Itzhak Luvaton


The special works displayed in this exhibit "Chains of Silver" are those that at first glance lack Jewish context.  The solar system, the “trendy” motorcycle with a sidecar, a vintage luxury car, an airplane based on a model of one of the first planes, a tank or a train… they are not specifically identified with the Jewish world. On the contrary: many of these items are symbols of a materialistic culture that is considered the complete opposite of tradition, particularly of religious tradition.

It is therefore so surprising to discover that each of these items that we call “modern” and “symbols of progress” hide within them Jewish ritual objects.

The inspiration for creating these items is found in the expression “the hidden is greater than the obvious” that prevails in many spiritual philosophies that cannot be elaborated on here. What’s important to stress is that hiding religious artifacts is not an  time. At various times and in various places, people or communities that felt threatened if they performed their rituals openly tended to hide them. (For example, the Huguenots, the Freemasons, the Druze, etc.) Starting in the 15th century, we come across the phenomenon of the Anusim, who out of fear of the Inquisition kept their Judaism hidden, camouflaging their traditions and their internal essence to ensure their continued Jewish existence.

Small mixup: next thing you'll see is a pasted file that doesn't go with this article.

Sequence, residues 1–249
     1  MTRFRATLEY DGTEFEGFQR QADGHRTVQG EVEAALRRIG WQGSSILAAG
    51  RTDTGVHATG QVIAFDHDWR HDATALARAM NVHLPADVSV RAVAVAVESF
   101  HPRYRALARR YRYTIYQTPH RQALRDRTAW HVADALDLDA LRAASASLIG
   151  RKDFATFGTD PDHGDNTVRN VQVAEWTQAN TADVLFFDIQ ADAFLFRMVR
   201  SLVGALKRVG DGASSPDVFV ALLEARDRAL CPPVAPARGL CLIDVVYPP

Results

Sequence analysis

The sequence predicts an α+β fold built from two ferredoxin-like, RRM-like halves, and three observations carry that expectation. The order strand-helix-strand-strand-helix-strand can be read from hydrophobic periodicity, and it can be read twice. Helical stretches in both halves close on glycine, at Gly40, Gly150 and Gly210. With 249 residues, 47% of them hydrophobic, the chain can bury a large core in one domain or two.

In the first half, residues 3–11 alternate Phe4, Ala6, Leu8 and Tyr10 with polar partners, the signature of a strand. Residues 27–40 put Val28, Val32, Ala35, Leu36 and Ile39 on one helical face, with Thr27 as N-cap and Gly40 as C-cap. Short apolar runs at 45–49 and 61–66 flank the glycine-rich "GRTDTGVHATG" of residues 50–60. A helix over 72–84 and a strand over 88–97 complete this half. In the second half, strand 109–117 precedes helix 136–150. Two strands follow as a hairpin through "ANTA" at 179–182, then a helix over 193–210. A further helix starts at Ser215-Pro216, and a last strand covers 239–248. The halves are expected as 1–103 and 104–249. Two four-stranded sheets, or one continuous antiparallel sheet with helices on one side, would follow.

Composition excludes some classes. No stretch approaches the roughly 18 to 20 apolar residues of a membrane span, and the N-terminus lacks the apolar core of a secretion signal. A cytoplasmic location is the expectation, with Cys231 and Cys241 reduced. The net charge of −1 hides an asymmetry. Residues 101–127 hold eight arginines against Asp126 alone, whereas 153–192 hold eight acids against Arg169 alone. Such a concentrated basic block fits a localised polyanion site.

The recent personal history of one of the artists featured in this exhibit demonstrates the necessity of concealing Jewish ritual items. After World War II, Mauriciu Samuel’s father was an enthusiastic communist in a silversmiths’ cooperative in Romania, and even served as the president of the cooperative in Bucharest. For political reasons, he was prohibited from creating items with a religious orientation without approval from the party.

When he understood that he could not realize his aspirations as a Jewish artist, he built himself a workshop in his kitchen in Bucharest, where the shelves and drawers hid an entire workshop where he fashioned Jewish ritual items.

Traditional Judaica works that integrate the routine life of the 20th century contain a kernel of surprise, but also serve as a declaration, calling to the viewer to look for the deep roots of each work, even if it looks like something made yesterday.

Fashioning Jewish ritual objects presents a challenge. First and foremost, it is a Halachic challenge, because the art must submit to a rigid framework of rules that have been formulated over centuries. Another challenge is to ensure that although the artist is using a well-known, and sometimes clichéd, symbolic language, he does not slip into the flat, two-dimensionality of an advertisement.

Another issue is the need to appeal to emotions, to one’s deepest senses and feelings, since the item is supposed to express the connection between the user and his Creator and his faith. In such a case, the artistic object must create an emotional structure that befits the occasion.